With oil revenues almost depleted due to long term financial recklessness and mindless corruption, alternative means of wealth creation must be developed and sustained. Alternative sources of energy must be developed in other to meet modern needs. It is appalling that in Nigeria's sixty years of existence, the nation has not perfected the provision of electricity for domestic consumption. Many companies in the eighties and nineties that were heavily dependent on power left the country because of the perennial inability of the country to provide stable electricity. With the departure of these companies many Nigerians became unemployed. Sourcing alternative means of energy will be another vital means of providing employment to the teeming youths strewn across the country. The U.S census bureau estimates Nigeria's population to be around 402 million by 2050. This must really be a cause for concern. If there are no critical structures put in place now to provide steady streams of jobs for the populace well into the future, Nigeria might well be preparing her own implosion.

Unemployment is an existential threat that must be urgently looked into before it is too late. When unemployment spirals out of control as is the case in Nigeria the resulting effect is insecurity and anarchy. Insecurity in Nigeria has been on an upward trend since the early nineties when many factories began to close shop which led to thousands becoming unemployed; about the same time there was a surge in criminality, mainly banditry. However, with the continued relocation or closure of more companies due to the unceasing battering of the economy leading yet to more people being unemployed, more insidious and dastard acts of criminality began to emerge. Kidnapping, cybercrimes, diabolical practices of all types, drug peddling and a host of other nefarious activities orchestrated within the Nigerian space. Insecurity cannot be tamed until the Nigerian State finds dynamic and creative ways of providing employments for the teeming youths daily milling around in search of relevance.

The greatest dissipation of Nigeria's innovative capacity is unemployment second only to the massive brain drain of the choicest and finest Nigerians who had to seek their future in other climes where their contributions and commitments are recognised and appreciated and above all where they can maintain their sanity. Those who remained in Nigeria especially in academia at the height of the exodus and who had no connection to government or political godfathers regretted staying back. Those who had hope in Nigeria suddenly woke up and found out that their labours and energies have been dissipated in their bid to make Nigeria an El-Dorado. Many Nigerians are scattered abroad achieving amazing feats and making other nations great whilst theirs wallow in the mire. Nigeria did not create the environment for them to thrive; it is only reasonable for them to seek their future elsewhere. In all these Nigeria is the loser.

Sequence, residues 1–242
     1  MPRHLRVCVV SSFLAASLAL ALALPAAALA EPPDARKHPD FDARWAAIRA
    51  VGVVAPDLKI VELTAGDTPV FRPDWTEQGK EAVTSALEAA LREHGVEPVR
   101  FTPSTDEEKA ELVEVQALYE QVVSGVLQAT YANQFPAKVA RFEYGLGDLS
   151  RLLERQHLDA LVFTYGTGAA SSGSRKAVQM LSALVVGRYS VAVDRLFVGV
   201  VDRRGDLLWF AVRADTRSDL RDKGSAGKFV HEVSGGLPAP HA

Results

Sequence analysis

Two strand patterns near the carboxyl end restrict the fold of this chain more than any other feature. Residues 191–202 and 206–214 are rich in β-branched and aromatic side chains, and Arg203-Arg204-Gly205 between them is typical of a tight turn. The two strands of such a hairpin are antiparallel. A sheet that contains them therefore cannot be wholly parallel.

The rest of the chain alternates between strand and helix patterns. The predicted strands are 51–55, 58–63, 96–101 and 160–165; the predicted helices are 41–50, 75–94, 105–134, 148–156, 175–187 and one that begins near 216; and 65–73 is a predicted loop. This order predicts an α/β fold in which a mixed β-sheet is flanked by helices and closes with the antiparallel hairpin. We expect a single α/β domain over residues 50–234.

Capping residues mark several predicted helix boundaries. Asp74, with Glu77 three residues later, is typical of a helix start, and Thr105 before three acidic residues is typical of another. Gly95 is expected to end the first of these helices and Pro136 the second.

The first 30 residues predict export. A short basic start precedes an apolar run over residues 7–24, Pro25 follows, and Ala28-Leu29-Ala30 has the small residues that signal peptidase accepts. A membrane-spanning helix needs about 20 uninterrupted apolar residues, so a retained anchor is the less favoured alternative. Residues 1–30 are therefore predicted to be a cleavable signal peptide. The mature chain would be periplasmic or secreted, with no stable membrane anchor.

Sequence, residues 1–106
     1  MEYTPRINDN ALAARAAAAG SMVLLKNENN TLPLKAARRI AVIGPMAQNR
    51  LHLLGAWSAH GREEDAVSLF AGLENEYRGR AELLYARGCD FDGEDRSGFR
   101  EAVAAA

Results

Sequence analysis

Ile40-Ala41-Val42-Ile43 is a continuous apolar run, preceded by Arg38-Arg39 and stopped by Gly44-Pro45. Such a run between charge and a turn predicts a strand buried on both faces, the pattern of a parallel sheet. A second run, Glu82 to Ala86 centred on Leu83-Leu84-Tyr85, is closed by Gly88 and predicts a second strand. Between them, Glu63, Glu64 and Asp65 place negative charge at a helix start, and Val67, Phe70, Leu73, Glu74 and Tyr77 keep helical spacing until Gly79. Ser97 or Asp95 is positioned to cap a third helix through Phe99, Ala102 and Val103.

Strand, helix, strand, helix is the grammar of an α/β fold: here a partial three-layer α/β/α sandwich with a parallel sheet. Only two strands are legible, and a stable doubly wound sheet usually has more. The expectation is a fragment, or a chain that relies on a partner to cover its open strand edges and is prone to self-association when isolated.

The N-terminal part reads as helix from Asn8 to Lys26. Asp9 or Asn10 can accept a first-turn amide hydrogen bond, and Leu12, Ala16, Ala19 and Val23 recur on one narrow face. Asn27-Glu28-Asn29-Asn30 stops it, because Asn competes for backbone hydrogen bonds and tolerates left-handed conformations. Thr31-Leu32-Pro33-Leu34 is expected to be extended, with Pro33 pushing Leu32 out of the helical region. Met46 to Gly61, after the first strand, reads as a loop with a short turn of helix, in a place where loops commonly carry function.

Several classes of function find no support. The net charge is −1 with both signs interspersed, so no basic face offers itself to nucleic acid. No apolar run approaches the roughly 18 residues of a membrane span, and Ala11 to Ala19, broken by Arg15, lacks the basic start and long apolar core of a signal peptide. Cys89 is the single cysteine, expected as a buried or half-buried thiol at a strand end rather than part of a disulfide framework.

The State must create an auspicious platform where the dignity of the citizens is restored by providing suitable and meaningful employment.

The fractious idea of determining job placement based on tribalism or ethnic predilection has been one of the most retrogressing factors of the State. Expertise, skill and competence must be the parameters for determining personnel not where they came from or who their godfather is. Adequate resources to build capacity and increase productivity should be provided so that the Nigerian youth can compete favourably with their counterparts from around the world. Skilled labour is one of the vital options for attracting FDIs. Serious countries invest massively in their colleges and universities because they understand the vital place of knowledge acquisition and technological development in a fast-changing world.

A decade from now Nigeria will be seventy years as an independent nation. Whether we advance as a nation in prosperity and abundance or we continue in this downward spiral into the abyss will be determined by the steps taken from now. Nigeria cannot afford to trifle with her future by playing the ostrich that hides its head in the sand. We must recreate the Nigeria of our dreams by creating new vistas and daring new horizons. The country is replete with phenomenal resources both human and natural that can bring about tremendous transformation and make Nigeria the true giant that she really is.

Happy Independence!


Continued from Part 1